November 27, 2018

“Better Angels,” a new film that examines U.S.-China relations through the lives of ordinary people in both nations, will formally premier in China at a private showing in Beijing on Saturday.

The film couldn’t come at a better time. Increasingly acrimonious relations between U.S. and China are hurting economic growth around the world and raising geopolitical tensions.   A headline in the New York Times this week declared:  “In Race for Global Power, U.S. and China Push Nations to Pick a Side.”

In an interview, “Better Angels” producer William Mundell described the movie as “the untold story of the true potential of the U.S.-China relationship” and “an opening salvo” in an effort to close the gap in U.S.-Sino relations. The two countries, he said, have “reached an inflection point in their relationship” and need to work together to “capitalize on our differences.”

The film, which took five years to make, is directed by Academy and Emmy Award winner Malcolm Clarke.  Mundell’s earlier film project, “Gerrymandering,” helped to influence election reform in California. “Better Angels” cost $2.5 million to make and was financed with American money and Canadian tax credits, he said.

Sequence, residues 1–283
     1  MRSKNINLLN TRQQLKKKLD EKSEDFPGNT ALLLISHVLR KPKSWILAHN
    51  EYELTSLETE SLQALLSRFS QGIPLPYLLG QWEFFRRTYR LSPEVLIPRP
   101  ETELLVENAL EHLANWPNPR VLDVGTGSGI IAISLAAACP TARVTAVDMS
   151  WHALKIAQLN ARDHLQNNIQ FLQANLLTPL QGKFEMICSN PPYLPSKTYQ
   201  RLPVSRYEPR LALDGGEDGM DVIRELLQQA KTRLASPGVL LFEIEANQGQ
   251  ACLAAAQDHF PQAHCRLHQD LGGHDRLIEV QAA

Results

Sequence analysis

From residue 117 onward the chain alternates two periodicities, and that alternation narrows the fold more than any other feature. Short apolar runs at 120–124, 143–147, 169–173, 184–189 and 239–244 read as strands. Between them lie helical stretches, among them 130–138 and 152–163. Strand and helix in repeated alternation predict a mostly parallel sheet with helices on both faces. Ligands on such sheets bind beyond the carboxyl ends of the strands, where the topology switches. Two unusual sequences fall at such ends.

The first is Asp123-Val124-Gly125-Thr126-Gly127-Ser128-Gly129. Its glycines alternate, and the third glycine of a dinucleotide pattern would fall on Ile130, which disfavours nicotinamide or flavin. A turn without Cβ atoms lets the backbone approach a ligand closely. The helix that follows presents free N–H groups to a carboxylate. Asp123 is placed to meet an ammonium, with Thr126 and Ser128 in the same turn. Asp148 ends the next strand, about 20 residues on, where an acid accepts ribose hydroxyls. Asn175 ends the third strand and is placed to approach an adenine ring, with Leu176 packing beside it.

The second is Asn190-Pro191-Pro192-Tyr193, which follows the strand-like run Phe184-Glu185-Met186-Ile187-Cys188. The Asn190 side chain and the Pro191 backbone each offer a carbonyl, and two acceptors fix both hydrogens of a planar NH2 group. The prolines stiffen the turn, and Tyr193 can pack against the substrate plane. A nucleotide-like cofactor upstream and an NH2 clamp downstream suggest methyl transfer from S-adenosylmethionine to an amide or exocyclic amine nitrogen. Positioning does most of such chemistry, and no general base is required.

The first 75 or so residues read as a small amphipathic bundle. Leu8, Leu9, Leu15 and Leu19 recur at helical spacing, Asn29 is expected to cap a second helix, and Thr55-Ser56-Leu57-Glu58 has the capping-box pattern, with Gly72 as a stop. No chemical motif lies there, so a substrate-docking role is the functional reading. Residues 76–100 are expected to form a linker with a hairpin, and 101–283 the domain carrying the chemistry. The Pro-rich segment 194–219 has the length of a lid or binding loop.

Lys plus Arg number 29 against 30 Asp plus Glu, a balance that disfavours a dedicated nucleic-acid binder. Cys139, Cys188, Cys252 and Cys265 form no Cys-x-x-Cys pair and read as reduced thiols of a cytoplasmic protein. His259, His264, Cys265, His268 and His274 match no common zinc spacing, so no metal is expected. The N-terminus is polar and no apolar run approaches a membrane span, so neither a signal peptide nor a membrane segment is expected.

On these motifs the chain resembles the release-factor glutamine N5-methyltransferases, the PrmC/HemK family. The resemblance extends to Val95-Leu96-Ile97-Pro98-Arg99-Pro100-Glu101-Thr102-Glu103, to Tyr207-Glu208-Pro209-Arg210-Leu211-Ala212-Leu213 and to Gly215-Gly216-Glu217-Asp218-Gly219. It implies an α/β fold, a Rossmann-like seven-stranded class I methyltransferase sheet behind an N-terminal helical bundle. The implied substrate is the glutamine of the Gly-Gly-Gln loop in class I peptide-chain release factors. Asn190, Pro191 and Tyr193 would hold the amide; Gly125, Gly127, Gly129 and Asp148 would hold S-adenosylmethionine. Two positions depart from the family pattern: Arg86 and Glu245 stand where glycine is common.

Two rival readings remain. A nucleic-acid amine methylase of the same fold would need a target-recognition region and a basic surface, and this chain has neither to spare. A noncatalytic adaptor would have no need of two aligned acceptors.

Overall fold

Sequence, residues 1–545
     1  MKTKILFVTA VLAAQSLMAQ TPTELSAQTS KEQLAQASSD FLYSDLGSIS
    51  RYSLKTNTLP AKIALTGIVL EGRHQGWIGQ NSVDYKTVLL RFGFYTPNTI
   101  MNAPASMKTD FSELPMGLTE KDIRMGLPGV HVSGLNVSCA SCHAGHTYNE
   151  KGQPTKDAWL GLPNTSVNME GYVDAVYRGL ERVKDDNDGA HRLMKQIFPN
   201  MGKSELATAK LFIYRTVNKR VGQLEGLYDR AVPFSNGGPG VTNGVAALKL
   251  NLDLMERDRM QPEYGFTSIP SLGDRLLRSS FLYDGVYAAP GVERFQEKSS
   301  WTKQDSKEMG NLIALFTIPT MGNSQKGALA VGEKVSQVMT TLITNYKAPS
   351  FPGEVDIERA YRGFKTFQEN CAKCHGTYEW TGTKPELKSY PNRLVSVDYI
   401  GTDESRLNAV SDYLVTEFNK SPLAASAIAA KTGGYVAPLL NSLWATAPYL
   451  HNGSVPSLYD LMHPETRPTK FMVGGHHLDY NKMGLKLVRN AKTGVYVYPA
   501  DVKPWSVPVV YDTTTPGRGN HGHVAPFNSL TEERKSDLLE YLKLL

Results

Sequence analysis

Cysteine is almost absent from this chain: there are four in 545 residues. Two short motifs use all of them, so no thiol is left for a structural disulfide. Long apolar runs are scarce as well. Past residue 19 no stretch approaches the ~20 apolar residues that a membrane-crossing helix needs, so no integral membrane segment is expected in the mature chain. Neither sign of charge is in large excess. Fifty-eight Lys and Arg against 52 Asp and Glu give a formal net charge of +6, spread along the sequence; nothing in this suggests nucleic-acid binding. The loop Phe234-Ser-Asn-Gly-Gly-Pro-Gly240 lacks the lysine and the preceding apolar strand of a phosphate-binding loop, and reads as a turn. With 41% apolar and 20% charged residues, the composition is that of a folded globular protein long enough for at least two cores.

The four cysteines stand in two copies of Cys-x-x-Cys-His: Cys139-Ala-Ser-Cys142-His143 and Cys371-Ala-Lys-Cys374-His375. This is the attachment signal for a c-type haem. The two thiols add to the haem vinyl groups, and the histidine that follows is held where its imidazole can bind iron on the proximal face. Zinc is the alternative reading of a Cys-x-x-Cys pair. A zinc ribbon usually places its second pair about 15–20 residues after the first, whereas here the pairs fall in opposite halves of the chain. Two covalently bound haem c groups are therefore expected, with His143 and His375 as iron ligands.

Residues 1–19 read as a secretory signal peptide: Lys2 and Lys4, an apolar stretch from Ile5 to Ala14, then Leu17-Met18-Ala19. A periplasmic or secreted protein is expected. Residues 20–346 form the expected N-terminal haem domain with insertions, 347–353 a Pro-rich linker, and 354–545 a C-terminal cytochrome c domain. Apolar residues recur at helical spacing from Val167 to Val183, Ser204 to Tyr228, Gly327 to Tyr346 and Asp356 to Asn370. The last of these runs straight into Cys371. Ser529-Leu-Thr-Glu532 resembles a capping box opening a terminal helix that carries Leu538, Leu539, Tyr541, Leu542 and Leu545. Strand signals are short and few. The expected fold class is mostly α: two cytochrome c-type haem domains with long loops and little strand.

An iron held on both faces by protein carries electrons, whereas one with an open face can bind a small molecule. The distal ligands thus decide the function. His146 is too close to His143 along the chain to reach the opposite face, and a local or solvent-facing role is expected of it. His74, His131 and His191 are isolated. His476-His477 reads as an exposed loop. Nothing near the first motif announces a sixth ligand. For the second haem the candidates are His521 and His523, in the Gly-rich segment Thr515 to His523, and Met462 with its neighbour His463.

Mundell said he envisioned “Better Angels “as a collection of short stories,” he said. The film in part highlights the lives of ordinary people on both sides and their potential role as “accidental diplomats,” a perspective that is largely ignored by mainstream media, Mundell said. “Maybe a movie can change the dynamics of U.S.-China relations.”

Mundell first came to China with his father, Nobel-prize-winning economist Robert Mundell,  in the 1990s, and had a chance to meet Chinese leaders and learn about the country “as a fly on the wall.”   The businessman has made more than 100 trips to China and is an honorary professor at Tsinghua University in Beijing.

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